FPX does not induce antiheparin-PF4 antibodies. Even if FPX is off label for the treatment of HIT, it seems an appropriate anticoagulant to use in this clinical setting as we describe in a case of severe HIT with arterial and venous thrombosis[15] and as recently stated by Warkentin.[16] Moreover, a recent expert opinion of the Section on Pulmonary Circulation of the Polish Cardiac Society[17] suggests to consider the use of FPX in patients with COVID-19 infection.


Nonanticoagulant Actions of Fondaparinux

What do we know about its possible antiviral and anti-inflammatory properties?

As reported by the authors, in vitro studies showed that heparin is able to significantly limit Zika virus-induced cell death of human neural progenitor cells.[18] Although the mechanism is unknown, heparin and heparin sulfate show a strong binding to adeno-associated virus (AAV2) but this effect disappeared when delsulfated polysaccharides were challenged indicating that the interaction with AAV2 is due to the sulfonated regions of the heparin molecules.[19] The same result was obtained employing FPX whose structure differs from that of both heparin and heparin sulfate for a terminal o-methyl group but it is quite similar to the sequences prevailing in heparin and heparan sulfate to which several AAVs bind during entry.[20] In other words, FPX is a sulfated molecule whose antiviral properties should be studied in a more extensive way in the future.

As far as FPX's anti-inflammatory properties are concerned, a recent study[21] has showed that this drug is effective in increasing the survival of sepsis-induced baboons by Escherichia coli. Moreover, the authors demonstrated that FPX treatment greatly reduces production of inflammatory cytokines and chemokines such as tumor necrosis factor, interleukin-β (IL‐β), IL‐6, IL‐8, monocyte chemoattractant protein‐1, and granulocyte‐macrophage colony‐stimulating factor.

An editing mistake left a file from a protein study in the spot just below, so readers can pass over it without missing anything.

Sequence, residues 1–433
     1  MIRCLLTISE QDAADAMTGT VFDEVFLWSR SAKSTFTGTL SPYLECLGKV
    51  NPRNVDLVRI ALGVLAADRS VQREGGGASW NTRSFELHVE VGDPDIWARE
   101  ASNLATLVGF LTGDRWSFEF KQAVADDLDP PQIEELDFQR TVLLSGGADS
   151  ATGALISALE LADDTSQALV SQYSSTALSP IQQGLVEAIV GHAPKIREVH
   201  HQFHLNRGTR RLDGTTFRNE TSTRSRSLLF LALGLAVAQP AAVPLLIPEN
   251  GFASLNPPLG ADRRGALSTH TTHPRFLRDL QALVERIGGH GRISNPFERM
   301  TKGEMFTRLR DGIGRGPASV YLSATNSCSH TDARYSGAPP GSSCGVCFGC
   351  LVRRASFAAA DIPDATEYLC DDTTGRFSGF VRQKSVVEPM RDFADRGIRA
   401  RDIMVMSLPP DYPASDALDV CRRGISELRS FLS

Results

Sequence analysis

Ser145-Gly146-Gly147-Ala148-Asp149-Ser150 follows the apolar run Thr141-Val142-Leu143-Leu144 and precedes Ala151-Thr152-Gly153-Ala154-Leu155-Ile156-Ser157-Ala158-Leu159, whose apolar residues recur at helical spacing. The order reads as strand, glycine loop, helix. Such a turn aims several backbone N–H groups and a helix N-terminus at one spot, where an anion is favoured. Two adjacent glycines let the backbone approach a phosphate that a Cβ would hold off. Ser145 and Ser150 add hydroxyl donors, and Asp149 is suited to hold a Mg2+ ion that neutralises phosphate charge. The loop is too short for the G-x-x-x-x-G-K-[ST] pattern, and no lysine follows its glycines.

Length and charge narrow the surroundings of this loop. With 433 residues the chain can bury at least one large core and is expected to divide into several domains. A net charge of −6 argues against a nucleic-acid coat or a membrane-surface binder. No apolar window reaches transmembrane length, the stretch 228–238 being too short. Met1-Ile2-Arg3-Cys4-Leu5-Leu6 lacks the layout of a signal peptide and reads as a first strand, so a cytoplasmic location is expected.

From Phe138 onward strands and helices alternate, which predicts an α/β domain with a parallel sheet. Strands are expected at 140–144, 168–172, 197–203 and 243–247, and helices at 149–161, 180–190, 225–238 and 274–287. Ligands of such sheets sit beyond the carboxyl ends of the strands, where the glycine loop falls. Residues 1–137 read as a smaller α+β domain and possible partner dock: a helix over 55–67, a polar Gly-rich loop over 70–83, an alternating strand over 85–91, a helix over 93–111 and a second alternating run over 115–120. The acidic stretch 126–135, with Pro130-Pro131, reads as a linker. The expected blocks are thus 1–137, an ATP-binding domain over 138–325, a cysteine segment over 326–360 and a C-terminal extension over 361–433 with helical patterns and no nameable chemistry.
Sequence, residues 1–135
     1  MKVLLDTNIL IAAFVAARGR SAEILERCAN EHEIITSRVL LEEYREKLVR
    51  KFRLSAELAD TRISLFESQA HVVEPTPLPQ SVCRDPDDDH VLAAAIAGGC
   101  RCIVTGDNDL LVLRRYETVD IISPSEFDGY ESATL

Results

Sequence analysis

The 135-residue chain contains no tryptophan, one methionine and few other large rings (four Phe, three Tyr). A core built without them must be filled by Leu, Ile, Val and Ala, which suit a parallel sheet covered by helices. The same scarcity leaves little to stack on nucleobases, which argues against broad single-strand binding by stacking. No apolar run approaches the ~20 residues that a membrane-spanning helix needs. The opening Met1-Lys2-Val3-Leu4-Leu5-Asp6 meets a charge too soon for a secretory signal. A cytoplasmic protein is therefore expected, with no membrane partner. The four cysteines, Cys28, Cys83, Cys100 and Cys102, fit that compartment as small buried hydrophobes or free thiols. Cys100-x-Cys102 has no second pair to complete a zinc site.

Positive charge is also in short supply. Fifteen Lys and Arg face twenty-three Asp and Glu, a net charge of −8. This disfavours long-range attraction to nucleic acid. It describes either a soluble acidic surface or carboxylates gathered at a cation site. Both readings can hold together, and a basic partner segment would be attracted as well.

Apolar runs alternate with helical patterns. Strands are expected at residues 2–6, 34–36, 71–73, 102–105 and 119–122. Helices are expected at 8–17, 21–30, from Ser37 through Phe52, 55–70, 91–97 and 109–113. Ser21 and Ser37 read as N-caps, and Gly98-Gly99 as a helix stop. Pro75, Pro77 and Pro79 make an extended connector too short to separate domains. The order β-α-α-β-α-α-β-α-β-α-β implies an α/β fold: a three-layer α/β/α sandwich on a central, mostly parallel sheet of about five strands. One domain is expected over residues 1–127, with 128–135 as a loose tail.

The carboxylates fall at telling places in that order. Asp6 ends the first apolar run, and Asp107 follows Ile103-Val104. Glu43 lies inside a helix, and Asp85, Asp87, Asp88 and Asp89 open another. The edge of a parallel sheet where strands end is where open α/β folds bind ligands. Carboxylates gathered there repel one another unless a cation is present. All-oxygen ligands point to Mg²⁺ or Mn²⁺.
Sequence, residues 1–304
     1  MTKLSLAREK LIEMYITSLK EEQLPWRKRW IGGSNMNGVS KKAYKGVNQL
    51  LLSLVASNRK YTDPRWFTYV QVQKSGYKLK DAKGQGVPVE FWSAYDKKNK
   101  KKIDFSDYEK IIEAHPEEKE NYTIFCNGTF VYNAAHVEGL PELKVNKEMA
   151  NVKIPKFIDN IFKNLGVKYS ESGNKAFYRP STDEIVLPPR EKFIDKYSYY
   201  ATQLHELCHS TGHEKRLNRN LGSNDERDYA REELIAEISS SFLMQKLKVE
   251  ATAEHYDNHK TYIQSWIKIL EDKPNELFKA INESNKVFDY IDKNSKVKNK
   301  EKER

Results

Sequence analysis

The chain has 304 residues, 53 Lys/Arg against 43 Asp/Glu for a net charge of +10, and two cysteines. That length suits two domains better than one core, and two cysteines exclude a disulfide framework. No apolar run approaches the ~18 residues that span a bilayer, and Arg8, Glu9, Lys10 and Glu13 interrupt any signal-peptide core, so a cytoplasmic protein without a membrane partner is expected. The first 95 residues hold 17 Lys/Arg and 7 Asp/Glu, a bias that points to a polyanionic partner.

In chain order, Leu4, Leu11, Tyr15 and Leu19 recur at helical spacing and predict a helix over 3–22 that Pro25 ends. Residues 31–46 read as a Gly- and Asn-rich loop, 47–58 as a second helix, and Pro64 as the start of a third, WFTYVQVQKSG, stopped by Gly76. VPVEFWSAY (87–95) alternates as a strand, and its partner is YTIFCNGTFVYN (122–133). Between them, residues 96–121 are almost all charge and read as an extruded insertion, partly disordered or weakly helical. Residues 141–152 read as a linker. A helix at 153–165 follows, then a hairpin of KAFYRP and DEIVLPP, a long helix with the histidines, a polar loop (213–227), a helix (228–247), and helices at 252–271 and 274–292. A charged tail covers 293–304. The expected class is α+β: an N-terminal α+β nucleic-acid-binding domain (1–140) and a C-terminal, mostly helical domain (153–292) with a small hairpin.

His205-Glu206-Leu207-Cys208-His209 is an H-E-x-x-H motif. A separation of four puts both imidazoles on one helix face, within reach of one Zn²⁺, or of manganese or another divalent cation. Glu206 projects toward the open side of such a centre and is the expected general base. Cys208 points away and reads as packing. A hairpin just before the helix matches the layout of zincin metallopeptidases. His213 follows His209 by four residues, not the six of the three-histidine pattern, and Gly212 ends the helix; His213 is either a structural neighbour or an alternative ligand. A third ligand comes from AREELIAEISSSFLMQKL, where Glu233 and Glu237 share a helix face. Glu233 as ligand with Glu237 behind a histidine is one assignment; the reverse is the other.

It is worth noting that the same profound inflammatory response plays an important role in the COVID-19-infected patients.[22] In both conditions, i.e., viral and bacterial infections, the role of procoagulant monocytes, upon stimulation by cytokines and chemokines, is crucial since they can activate blood coagulation by exposing tissue factor on their surface.[23] These mechanisms are to be expected since the innate immunity and hemostasis are ancestral defensive mechanisms aimed at trapping virus and bacteria in a fibrin network.[24] As a consequence, in COVID-19 infection disease, pulmonary thrombosis,[25] venous thromboembolism, and disseminated intravascular coagulation may occur[26] thus significantly worsening the disease.



All these remarks indicate that anticoagulation is important in such a disease and that FPX may be a drug of choice, compared with LMWH, in the COVID-19 infection and deserves, in our opinion, a better place in the priority in a future research programs on this topic.

A prospective observational cohort study would be appropriate using an intermediate or therapeutic dose of FPX. Prospective cohort studies may show both the course and long-term complications of the disease. They would also allow observing whether anticoagulation is associated with a decrease in mortality and, through regression models, these studies would allow to investigate on predictors of mortality as well as drug toxicity.


Conflict of Interest

None disclosed.

Address for correspondence

Doris Barcellona, MD
Department of Medical Sciences and Public Health, University of Cagliari

Publication History

Publication Date:
16 October 2020 (online)

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Georg Thieme Verlag KG